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Thanks Hugh for the elucidation!

At 12:02 AM 4/3/2001 -0400, Automatic digest processor wrote:
> > >http://www.magma.ca/~ocbc/comparat.html
> > >
> > >COMPARATIVE RISK OF DIFFERENT ACTIVITIES
> > >Estimates of Fatal Risk
> > >
> > >
> > >                                               fatalities
> > >   Activity                                   per million hrs
> > >   --------                                   ---------------
> > >   Skydiving                                     128.71
> > >   General Aviation                               15.58
> > >   On-road Motorcycling                            8.80
> > >   Scuba Diving                                    1.98
> > >   Living (all causes of death)                    1.53
> > >   Swimming                                        1.07
> > >   Snowmobiling                                     .88
> > >   Passenger cars                                   .47
> > >   Water skiing                                     .28
> > >   Bicycling                                        .26
> > >   Flying (scheduled domestic airlines)             .15
> > >   Hunting                                          .08
> > >   Cosmic Radiation from transcontinental flights   .035
> > >   Home Living (active)                             .027
> > >   Traveling in a School Bus                        .022
> > >   Passenger Car Post-collision fire                .017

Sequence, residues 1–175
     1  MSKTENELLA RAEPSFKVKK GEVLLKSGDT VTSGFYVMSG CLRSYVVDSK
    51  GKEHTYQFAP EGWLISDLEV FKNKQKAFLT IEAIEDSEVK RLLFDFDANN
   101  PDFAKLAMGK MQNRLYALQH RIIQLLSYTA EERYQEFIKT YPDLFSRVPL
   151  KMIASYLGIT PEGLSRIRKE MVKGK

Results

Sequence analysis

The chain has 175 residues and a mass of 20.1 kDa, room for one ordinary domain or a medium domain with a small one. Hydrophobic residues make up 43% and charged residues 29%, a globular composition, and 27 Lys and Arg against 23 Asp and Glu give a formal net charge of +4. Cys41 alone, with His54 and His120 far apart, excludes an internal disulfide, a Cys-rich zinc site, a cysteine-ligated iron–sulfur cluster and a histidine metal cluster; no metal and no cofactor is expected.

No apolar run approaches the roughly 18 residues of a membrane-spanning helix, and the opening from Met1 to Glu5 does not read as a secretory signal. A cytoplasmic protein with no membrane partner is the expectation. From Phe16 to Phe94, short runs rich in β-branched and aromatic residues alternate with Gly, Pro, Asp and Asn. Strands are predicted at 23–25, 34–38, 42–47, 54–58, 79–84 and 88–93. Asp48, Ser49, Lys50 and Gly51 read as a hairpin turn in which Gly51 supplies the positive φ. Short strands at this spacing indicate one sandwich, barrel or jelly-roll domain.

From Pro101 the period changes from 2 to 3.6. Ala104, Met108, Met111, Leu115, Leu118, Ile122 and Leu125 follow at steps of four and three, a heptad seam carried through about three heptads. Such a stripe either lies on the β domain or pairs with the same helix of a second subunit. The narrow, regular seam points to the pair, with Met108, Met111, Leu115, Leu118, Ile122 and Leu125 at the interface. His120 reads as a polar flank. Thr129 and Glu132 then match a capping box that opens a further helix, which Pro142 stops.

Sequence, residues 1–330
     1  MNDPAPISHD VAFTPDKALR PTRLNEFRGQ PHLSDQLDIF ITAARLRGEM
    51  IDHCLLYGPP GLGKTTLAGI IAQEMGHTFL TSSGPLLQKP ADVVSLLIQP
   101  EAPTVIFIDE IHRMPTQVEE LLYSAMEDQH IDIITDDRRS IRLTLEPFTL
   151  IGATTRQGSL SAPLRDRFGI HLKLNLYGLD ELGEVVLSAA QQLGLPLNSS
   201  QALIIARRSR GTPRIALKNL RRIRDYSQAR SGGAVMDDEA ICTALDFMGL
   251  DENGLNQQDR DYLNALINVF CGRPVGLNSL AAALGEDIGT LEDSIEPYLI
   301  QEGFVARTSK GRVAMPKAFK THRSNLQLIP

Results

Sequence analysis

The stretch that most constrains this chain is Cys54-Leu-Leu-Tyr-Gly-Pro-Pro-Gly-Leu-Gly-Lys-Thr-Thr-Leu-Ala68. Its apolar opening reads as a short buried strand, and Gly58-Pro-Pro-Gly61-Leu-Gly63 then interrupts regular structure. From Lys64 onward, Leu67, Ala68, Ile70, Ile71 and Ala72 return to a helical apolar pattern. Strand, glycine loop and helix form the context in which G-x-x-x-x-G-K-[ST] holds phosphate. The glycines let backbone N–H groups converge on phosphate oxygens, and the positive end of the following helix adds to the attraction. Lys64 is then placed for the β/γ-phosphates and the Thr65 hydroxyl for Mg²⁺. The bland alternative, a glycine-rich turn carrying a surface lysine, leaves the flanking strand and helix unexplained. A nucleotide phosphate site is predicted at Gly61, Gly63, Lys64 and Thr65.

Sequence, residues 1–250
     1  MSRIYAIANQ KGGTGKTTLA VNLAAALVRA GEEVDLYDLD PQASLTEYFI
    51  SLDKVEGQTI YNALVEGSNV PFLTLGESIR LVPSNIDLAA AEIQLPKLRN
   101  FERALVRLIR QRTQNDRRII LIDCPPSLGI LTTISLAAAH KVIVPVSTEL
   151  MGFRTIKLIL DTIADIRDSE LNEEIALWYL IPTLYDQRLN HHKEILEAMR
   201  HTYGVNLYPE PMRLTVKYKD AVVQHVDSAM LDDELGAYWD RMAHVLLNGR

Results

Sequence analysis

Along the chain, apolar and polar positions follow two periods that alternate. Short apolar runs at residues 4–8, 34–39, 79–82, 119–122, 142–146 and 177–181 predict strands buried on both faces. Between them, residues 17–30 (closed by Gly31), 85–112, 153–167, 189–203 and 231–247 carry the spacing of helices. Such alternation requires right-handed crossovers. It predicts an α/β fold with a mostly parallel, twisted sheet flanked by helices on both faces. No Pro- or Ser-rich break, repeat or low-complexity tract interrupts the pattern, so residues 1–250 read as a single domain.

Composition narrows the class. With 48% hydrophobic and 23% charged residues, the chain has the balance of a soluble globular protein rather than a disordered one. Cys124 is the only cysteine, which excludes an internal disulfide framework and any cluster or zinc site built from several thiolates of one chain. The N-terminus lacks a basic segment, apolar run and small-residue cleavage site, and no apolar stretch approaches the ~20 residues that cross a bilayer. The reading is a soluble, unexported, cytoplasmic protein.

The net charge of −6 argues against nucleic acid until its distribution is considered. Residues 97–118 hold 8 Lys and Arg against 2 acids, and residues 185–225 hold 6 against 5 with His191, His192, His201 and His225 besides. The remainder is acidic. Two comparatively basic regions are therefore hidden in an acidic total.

> > >   Home Living, active & passive (sleeping)         .014
> > >   Residential Fire                                 .003
> > >
> > >
> > >Compiled by Failure Analysis Associates, Inc. (Design News, 10-4-93)
> >
>------------------------------
>Marv writes:
> >
> > Whoops, to correct myself, its strange to say that the risk
> > of dying from living is greater than swimming as you are
> > presumably living in order to swim.
>
>
>I think I understand...and I think I see the cause for the apparent
>confusion - I saw it too.  I think its because the metric of comparison has
>been normalized by time:
>
> > > >                                               fatalities
> > > >   Activity                                   per million hrs
> > > >   --------                                   ---------------
>
>
>
>Case in point, for "just living":
>
> > > >   Living (all causes of death)                    1.53
>
>Since you can only die once, you can work the math backwards and find that
>the number of hours of life per fatality is 653,594...roughly 74.5
>years...which is just about right.
>
>
>FWIW, for the Scuba line:
>
> > > >   Scuba Diving                                    1.98
>
>The metric is higher because the "per event" times for scuba (or skydiving
>:-) are shorter than our entire life...its the smaller denominator that
>makes for the higher incidence rate.
>
>If you mix this all up with the average of ~100 deaths/year and DEMA's
>estimate of 2-3 million divers, it means that all "active" divers are
>throwing 25-16 hours of bottom time into the pool each year.  Doable, but
>probably a bit more "active" than DEMA's definition, which makes for a few
>interesting questions as to who is really doing how much and what.
>
>
>-Hugh


Warm regards,


Marv